H., Hird, J Lloyd, R Goodier, J Brown, and P Reece (2003).  Detection of peanut using real-time polymerase chain reaction.  Eur. Food Res. Technol 217 : 265 - 268 .

R., Hoerner, J Feldpausch, R.L Gray, S Curry, Z Islam, T Goldy, F Klein, T Tadese, J Rick, and M Mozola (2011).  Reveal Salmonella 2.0 test for detection of Salmonella spp. in foods and environmental samples. Performance Tested Methods 960801.  J. AOAC Int 94 : 1467 - 1480 .

W.P., Izurieta, and E Komitopoulou (2012).  Effect of moisture on Salmonella spp. heat resistance in cocoa and hazelnut shells.  Food Res. Int 45 : 1087 - 1092 .

B.D., Jett K.L., Hatter M.M., Huycker and M.S Gilmore (1997).  Simplified agar plate method for quantifying viable bacteria.  BioTechniques 23 : 648 - 650 .

D., Killalea, L.R Ward, and D deRoberts (1996).  International epidemiological and microbiological study of out-break of Salmonella agona infection from a ready-to-eat savoury snack I.  : England and Wales and the United States British Med. J 313 : 1105 - 1107 .

J.S., Kim, M.S Jahng, G.G Lee, K.J Lee, H.K Chae, J.H Lee, J.H Lee, and M.H Kim (2011).  Rapid and simple detection of the invA gene in Salmonella spp. by isothermal target and probe amplification (iTPA).  Lett. Appl. Microbiol 52 : 399 - 405 .

M.D., Kirk, C.L Little, M Lem, M Fyfe, D Genobile, A Tan, J Threlfall, A Paccagnella, D Lightfoot, H Lyi, L McIntrye, L Ward, D.J Brown, S Surnam, I.S.T Fisher (2004).  An outbreak due to peanuts in their shell caused by Salmonella enterica serotypes Stanley and Newport – sharing molecular information to solve international outbreaks.  Epidemiol. Infect 132 : 571 - 577 .

C.M., Lee, and A.V.A Resurreccion (2004).  Descriptive profiles of roasted peanuts stored at varying temperatures and humidity conditions.  J. Sens. Stud 19 : 433 - 456 .

J., Li, W.D Cheung, J Opdyke, J Harvey, S Chong, and C.G Moon (2012).  Samsung Salmonella Detection Kit. AOAC performance tested method (SM).  J. AOAC Int 95 : 1656 - 668 .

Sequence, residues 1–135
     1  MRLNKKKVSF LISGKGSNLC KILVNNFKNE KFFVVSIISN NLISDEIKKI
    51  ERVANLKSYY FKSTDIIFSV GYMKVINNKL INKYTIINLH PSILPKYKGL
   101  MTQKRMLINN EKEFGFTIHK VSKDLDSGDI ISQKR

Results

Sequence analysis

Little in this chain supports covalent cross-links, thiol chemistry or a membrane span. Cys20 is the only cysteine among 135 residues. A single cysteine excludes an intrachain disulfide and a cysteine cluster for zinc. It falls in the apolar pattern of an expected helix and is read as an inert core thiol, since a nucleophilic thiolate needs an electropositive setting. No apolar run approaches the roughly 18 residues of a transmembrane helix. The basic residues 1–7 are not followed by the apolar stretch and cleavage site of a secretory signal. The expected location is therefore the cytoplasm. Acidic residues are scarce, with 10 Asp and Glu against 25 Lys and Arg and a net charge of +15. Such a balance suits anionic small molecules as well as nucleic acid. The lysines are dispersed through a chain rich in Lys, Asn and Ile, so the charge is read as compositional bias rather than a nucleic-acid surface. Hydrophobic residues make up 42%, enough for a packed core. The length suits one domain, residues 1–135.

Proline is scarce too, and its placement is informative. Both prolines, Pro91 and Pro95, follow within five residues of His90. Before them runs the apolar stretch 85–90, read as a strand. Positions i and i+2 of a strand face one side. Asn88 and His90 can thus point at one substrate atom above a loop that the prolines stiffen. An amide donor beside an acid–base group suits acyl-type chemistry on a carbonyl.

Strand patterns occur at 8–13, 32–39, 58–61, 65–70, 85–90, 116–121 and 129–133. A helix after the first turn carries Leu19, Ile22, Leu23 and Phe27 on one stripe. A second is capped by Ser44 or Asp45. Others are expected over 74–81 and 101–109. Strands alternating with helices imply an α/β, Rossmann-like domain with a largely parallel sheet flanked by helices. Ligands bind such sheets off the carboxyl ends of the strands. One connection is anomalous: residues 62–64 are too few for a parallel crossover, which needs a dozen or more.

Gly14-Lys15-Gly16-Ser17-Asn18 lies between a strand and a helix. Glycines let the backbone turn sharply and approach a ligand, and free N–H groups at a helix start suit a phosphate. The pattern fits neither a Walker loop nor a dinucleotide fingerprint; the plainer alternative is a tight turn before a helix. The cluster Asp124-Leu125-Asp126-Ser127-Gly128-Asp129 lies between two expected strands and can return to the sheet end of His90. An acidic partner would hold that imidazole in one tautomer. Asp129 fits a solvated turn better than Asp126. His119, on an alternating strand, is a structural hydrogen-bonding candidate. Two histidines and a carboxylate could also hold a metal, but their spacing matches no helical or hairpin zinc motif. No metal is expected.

L., Ma G., Zhang P., Gerner-Smidt V., Mantripragada I., Ezeoke and M. P Doyle (2009).  Thermal inactivation of Salmonella in peanut butter.  J. Food Prot 72 : 1596 - 1601 .

K.L., Mattick, F Jorgensen, J.D Legan, H.M Lappin-Scot, and T.H Humphrey (2000).  Habituation of Salmonella spp. at reduced water activity and its effect on heat tolerance.  Appl. Environ. Microbiol 66 : 4921 - 4925 .

K.A., McDaniel, B.L White, L.L Dean, T.H Sanders, and J.P David (2012).  Compositional and mechanical properties of peanuts roasted to equivalent colors using different time/temperature combinations.  J. Food Sci 77 : C1292 - 1298 .

MMWR Morbidity and Mortality Weekly Report. Multistate outbreak of Salmonella serotype Tennessee infections associated with peanut butter – United States, 2006-2007.  June 1; 56 ((21)) : 521 - 524 .

MMWR Morbidity and Mortality Weekly Report 2013 Notes from the field: Salmonella Bredeney infections linked to a brand of peanut butter – United States, 2012. Feb. 15; 62 (06) : 107 - 107 .

R., Podolak, E Enache, W Stone, D.G Black, and P.H Elliott (2010).  Sources and risk factors for contamination, survival, persistence, and heat resistance of Salmonella in low-moisture foods.  J. Food Prot 73 : 1919 - 1936 .

T., Sanders, and R.S Calhoun (2014).  Effect of oil and dry roasting of peanuts at various temperatures and times on survival of Salmonella and Enterococcus faecium Peanut Sci 41 : 65 - 71 .

W., Scheil, S Cameron, C Dalton, C Murray, and D Wilson (1998).  A South Australian Salmonella Mbandaka outbreak investigation using a database select controls. Aust. N. Z.  J. Public Health 22 : 536 - 539 .

A.N., Sheth, M Hoekstra, N Paatel, G Ewald, C Lord, C Clarke, E Villamil, K Niksich, C Bopp, T.-A Nguyen, D Zink, and M Lynch (2011).  A national outbreak of Salmonella serotype Tennessee infections from contaminated peanut butter: A new vehicle for Salmonellosis in the United States.  Clin. Infect. Dis 53 : 356 - 362 .

J., Sobel, D.L Swerdlow, and J Parsonnet (2001).  Is anything safe to eat?.  Curr. Clin. Top Infect. Dis 21 : 114 - 134 .


    Author Affiliations

  1. Department of Food, Bioprocessing, and Nutrition Sciences, North Carolina State University, Raleigh, NC 27695; [^]
  2. USDA-Agriculture Research Service, SEA, Food Science Research Unit, 322 Schaub Hall-NCSU, Raleigh, NC 27695; [^]
  3. USDA-Agriculture Research Service, SEA, Market Research Unit, 236-Schaub Hall, NCSU, Raleigh, NC 27695. [^]
  4. *Corresponding author's E-mail: